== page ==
Three generations of one German family wanted to do something that's become an increasingly popular housing trend in recent years: live under one roof. They were looking for a home in Darmstadt, a city south of Frankfurt, when they found an early 20th-century farmhouse that had been converted into three apartments in the 1960s. It looked as though it could work, but the structure needed renovations. So, the clan hired architect Anja Thede and her namesake firm for the task — but instead of simply modernizing it for current styles, she also wanted to honor the past. "It is important for us to uncover and preserve the characteristic elements of old buildings while complementing them with modern fixtures," she noted. Her first priority was to fix the fragmented floor plan by opening up its many dark spaces, including a former passage and stables that had been converted to a garage and storage. Thede also wanted to showcase the site's original materials — like its stone walls and wood beams — while incorporating new elements that would improve energy efficiency. When the work was completed, Thede and her team had created three functional residences intertwined by a glass entrance hall. "It was inspiring to discover what was lying beneath," she said.
The original rustic stone wall that lines the hallway leading to the kitchen was restored, and the floor was paved with tiles by Villeroy & Boch.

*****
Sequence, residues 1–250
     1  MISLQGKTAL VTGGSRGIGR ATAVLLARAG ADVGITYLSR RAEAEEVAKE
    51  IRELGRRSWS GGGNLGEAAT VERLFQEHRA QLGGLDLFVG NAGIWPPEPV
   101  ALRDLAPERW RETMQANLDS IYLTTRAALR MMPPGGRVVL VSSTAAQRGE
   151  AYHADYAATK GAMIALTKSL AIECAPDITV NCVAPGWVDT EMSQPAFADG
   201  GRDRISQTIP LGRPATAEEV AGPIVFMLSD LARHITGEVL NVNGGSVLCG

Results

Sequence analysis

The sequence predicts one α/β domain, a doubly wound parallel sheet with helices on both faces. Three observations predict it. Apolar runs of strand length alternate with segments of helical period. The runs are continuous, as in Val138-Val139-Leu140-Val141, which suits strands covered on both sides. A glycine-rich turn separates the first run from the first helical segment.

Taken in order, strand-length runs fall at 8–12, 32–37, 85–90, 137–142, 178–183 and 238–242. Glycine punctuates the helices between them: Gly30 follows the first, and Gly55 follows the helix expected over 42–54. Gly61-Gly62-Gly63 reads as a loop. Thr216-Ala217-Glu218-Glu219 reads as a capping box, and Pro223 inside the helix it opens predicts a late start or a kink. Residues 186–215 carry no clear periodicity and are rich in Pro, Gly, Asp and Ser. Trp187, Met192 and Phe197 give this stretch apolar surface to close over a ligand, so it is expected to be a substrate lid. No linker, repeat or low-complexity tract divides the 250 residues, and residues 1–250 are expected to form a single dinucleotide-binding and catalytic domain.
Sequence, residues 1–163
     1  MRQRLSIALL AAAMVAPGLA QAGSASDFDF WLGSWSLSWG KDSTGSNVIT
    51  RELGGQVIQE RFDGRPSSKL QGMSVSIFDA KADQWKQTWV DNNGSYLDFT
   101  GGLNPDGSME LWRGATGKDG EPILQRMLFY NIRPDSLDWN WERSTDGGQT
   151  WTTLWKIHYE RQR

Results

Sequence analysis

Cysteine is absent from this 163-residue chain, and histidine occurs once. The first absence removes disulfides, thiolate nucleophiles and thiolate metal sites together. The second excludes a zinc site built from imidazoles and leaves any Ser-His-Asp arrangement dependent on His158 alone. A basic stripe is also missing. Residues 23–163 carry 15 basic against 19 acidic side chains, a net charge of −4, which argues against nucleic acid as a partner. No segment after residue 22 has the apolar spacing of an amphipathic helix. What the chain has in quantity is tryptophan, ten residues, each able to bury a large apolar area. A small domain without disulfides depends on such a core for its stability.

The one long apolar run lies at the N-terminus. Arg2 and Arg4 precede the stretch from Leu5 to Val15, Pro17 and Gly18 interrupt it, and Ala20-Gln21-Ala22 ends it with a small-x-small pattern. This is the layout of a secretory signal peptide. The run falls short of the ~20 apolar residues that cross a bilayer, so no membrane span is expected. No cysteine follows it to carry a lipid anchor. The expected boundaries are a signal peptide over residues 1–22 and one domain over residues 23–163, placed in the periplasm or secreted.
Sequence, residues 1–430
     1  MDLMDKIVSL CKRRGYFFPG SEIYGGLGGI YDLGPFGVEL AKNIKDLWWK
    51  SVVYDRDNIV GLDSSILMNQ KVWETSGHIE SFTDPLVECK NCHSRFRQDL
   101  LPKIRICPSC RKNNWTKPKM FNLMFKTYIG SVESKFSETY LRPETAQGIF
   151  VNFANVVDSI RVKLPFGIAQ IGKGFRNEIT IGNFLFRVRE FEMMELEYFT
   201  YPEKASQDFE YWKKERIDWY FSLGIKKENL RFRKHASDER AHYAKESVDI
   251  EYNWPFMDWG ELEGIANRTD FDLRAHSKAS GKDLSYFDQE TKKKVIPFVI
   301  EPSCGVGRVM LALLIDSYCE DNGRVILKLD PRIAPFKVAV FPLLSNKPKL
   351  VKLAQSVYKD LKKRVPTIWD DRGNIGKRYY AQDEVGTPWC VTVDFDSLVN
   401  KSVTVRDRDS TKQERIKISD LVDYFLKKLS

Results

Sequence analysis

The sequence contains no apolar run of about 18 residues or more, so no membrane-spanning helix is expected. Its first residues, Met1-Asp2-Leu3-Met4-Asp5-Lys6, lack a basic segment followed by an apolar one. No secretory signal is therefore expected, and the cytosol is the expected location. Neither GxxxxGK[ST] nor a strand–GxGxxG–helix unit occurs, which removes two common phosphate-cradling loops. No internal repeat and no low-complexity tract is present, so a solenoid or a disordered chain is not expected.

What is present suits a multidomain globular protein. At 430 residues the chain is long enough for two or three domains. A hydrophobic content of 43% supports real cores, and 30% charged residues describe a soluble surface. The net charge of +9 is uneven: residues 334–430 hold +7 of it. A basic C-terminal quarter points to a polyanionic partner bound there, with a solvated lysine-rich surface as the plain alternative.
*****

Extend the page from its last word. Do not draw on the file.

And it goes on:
The dining area and kitchen are enclosed by Velfac windows and overlook the back garden. A pendant light by Catellani&Smith hangs above the dining table, which is paired with chairs by Hay.
Thede installed a sleek kitchen by bulthaup in the home. A Kreon light illuminates the island at night.
The passage to the second level is framed with panels of purple felt by Johanna Daimer. Thede's office designed the unique oak staircase, which includes a bookcase and built-in drawers for storage.
Steel columns were added to support the living room's original wood beams, and skylights were installed to brighten the formerly dark space. Pendant lamps from My Lamp in Hamburg are suspended over a seating area defined by an EthniCon rug.
An Agape tub with Hansgrohe Axor fittings takes center stage in the master bedroom.
A bathroom features a Thede-designed vanity with a Keuco Edition sink and Hansapublic fittings.
A space in the guest house is painted in shades of grey and white by Keim, complementing the art by Katrin Holst.
An annex was removed from the rear of the house and replaced with a winter garden.
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